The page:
Super Bowl® bullies.

Anyway, good thing Chuck “no relation, not a typo” Colman is out there keeping tabs on stuff, as in this incredibly trademark-law laden post.  Makes my brain hurt, even, but that’s because when I came into the game, of course, we’d be sent right back in for the next series after a deep snort of smelling salts.  Chuck, he’s a young gun.

And this TV, now, that is easy watchin’!  Edjamacational too.  So as a matter of record, the Samsung spot has to be embedded here, too:

Yes.  Yes yes yes yes yes.

Hey — here’s a thought:  Isn’t it kind of funny to have a brand that you don’t want people to mention?

One more reason some of us just don’t “get” big-time Brand Equity, I guess.

Shh.  Don’t mention that brand!

Best of 2012: Not my money

Blind justice and plaza, Federal courthouse, Newark

Originally posted February 21, 2012.

Last June, blogging about my presentation to the Copyright Society on the Righthaven litigation, I wrote the following:

This brings us to the issue of mass enforcement a la RIAA and MPAA

  • Mass enforcement sweeps
    • Complete de-linking from any concept of blameworthiness, much less intent
  • Disproportionate penalties and fees
  • Results of mass enforcement:
    • Consensus is that it is ineffectual
      • Continual calls for enhancement of procedural and penal “tools”
      • Effects some unknown quantum of in terrorem deterrent
      • Crystallizes an anti-copyright, anti-establishment sensibility among militant downloaders
      • By targeting non-militants who act out of either ignorance or as casual scofflaws, makes anti-copyright, anti-enforcement
      • RIAA supposedly paid its lawyers more than $16,000,000 in 2008 to recover only $391,000*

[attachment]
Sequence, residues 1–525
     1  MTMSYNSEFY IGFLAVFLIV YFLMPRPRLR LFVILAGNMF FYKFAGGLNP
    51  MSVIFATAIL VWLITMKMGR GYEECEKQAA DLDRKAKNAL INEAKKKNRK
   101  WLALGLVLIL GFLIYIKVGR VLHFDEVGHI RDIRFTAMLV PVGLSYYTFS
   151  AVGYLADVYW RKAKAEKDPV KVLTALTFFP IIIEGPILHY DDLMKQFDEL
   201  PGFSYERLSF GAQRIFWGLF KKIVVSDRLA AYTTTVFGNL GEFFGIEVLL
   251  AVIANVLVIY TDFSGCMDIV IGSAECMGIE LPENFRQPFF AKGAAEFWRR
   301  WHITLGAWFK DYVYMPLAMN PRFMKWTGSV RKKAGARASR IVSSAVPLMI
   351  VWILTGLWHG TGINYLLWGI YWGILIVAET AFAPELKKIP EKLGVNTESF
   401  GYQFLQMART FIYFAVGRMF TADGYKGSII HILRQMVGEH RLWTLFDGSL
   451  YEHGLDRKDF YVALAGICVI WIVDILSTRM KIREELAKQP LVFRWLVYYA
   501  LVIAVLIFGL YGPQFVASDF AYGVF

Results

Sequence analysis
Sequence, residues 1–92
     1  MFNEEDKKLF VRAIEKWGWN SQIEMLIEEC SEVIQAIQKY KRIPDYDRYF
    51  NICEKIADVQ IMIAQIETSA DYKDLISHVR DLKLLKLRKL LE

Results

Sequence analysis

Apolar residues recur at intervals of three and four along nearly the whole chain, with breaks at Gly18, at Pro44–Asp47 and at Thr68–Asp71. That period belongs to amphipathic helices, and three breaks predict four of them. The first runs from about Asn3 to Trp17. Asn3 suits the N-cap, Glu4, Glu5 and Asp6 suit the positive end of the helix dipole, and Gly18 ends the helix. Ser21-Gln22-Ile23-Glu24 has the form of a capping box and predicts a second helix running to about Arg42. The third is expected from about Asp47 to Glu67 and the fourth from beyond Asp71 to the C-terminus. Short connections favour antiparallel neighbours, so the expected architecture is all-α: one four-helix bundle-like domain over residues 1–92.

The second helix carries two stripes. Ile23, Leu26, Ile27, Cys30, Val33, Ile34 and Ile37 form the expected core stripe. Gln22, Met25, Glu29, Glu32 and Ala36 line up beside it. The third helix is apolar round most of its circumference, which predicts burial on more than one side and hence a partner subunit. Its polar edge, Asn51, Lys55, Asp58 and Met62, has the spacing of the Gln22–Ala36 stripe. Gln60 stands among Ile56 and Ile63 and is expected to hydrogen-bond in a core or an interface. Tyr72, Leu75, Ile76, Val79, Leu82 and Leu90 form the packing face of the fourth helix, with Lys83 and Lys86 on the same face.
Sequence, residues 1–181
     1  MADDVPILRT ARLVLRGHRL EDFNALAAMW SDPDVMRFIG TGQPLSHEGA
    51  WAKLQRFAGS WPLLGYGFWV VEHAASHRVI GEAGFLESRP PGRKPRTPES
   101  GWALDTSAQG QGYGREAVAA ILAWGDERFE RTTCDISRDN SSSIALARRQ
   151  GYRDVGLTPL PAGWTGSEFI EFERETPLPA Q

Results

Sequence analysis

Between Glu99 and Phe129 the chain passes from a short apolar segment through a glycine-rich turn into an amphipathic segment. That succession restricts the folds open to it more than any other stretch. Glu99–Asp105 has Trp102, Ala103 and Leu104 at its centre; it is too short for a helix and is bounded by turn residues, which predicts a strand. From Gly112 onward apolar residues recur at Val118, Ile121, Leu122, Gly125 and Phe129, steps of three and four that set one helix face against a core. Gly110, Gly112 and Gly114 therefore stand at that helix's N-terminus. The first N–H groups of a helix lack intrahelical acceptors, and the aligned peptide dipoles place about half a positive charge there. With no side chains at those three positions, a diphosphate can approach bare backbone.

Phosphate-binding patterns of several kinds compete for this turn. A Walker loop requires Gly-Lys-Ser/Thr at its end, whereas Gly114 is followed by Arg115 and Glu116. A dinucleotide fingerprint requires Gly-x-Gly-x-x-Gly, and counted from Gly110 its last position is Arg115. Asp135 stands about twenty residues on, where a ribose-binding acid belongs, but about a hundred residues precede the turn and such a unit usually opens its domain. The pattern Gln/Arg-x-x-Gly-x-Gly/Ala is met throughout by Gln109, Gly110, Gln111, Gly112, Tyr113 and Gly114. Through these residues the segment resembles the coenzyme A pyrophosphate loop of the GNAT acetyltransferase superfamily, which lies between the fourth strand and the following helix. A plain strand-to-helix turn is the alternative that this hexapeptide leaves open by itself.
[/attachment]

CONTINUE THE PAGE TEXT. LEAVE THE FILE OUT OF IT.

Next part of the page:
• Reminder about motivation for our criticisms here icon wink Massive Attack:  Analyzing mass copyright infringement campaigns

Now, note that asterisk at the hyperlinked bullet point.  The footnote in my blog post said:

* At the conference, a person in the position to know stated in the question-and-answer session that this figure was utterly innaccurate.  I am looking forward to receiving more accurate information.

Actually, it was two persons, but I never did get any information.  Still, even as I wrote this I remember acknowledging that the argument itself was flawed, regardless of the empirical truth of the factual claim at its base.  And just because I never got the information, which I was thinking would be an appropriate launching point for me to acknowledge my logical flaw, doesn’t mean I shouldn’t do so anyway.

The flaws are pretty obvious.  The obvious one is that you can get a lot of injunctions for $16 million.  And as we know, it is an axiom of chancery practice that the remedies of equity are typically, and usually when referring to injunctions, utilized in situations where those seeking them “have no remedy at law” — i.e., no money could, in theory, substitute for an order forbidding the complained-of behavior.  Lots of parties spend lots of money suing defendants, and in meritorious causes, where there is no prospect of a concomitant recovery.

The less obvious flaw in my argument flows from the obvious one:  Whether we put a $100 million value on the non-monetary relief obtained by these lawsuits or a $100 value, it’s not our money.  Companies routinely decide on litigation as part of a legal and business strategy which, even in a more general sense than set out above, is not evaluated solely from the point of view or even at all from the point of view of whether it will bring in dollars directly.

Protecting a right, or a perceived right, typically comes at a cost.  If that right enables massive profits, the incurring of massive costs to protect it — whether by recovering damages, achieving cessation of activities that threaten those rights or merely as an in terrorem policy — is entirely rational.